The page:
Welcome to the Antonine Way
The Antonine Way links Bo'ness on the River Forth with Old Kilpatrick just outside Glasgow on the River Clyde. There are various sections of the Antonine Wall still available to view along the 37 mile trail - it passes very close to the Falkirk Wheel - another monument albeit a little bit more modern.
Walking the Antonine Way is possible and would provide a unique experience and a satisfying achievement. If you are considering a walking holiday in Scotland and using the Forth & Clyde canal as part of your itinerary then make sure you take the opportunity to visit The Antonine Way - you will find all the information you need here.
The Antonine Wall, begun in AD 142 during the reign of the Roman emperor Antoninus Pius , consisted of a turf rampart set on a stone foundation stretching 37 miles across central Scotland. A broad ditch was dug in front of the Wall as part of the overall defenses, and the fill from this ditch formed a low mound to the north. To the south, a road called the Military Way ran behind the wall. The barrier, built from east to west, stretched between the Firth of Forth at Bo'ness and the mouth of the River Clyde at Old Kilpatrick.
This fascinating monument brings history to life and provides an insight into Scotland, its people and the way their culture has been formed over many centuries.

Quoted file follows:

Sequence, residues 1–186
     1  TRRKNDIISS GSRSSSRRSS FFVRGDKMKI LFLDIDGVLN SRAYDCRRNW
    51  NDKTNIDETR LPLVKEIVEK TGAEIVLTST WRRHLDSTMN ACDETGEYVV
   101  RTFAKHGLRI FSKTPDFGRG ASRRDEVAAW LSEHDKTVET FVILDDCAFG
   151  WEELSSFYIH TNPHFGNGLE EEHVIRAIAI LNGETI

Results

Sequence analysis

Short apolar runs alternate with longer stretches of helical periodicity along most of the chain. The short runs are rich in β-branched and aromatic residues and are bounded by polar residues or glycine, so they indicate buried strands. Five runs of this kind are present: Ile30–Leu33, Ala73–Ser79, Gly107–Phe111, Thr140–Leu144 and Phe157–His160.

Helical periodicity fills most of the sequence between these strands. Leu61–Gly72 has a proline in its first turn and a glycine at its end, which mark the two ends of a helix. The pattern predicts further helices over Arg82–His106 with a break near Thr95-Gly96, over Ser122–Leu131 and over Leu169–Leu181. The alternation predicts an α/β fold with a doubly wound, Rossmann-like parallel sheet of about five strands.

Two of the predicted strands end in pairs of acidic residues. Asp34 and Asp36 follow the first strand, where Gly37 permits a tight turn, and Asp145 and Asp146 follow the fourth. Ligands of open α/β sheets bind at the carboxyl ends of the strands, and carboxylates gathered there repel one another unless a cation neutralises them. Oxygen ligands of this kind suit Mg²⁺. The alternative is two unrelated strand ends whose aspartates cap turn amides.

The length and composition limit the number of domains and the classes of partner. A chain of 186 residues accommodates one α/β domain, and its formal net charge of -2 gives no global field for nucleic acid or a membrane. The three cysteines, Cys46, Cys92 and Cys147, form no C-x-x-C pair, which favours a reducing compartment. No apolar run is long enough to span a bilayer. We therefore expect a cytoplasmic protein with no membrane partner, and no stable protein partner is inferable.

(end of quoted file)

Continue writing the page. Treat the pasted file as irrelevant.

Titus Aurelius Fulvus Boionius Arrius Antoninus Pius (lived from September 19, 86 until March 7, 161) was Roman emperor from the period 138 to 161. He was the fourth of the Five Good Emperors and a member of the Aurelii. He did not possess the sobriquet "Pius" until after his accession to the throne. Read More ...
Details on path networks around the Falkirk area including mobility access.
| ROMAN HISTORY
How did the Romans live, what was their tactics, why did they come to Scotland?.
|MAPS and GUIDES
Maps detailing the accessible stretches along the route of the Wall.
ROMAN MILITARY TACTICS
The reconquest of southern Scotland was completed by AD 142 and work began on the military installations designed to ensure the Roman grip on the area. A new frontier, the Antonine Wall, was built across the narrow waist of Scotland, the Forth-Clyde isthmus. Behind the Wall regiments were based in the forts and fortlets on the roads leading north. Hadrian's Wall was abandoned, together with most of the forts to its south. Read more...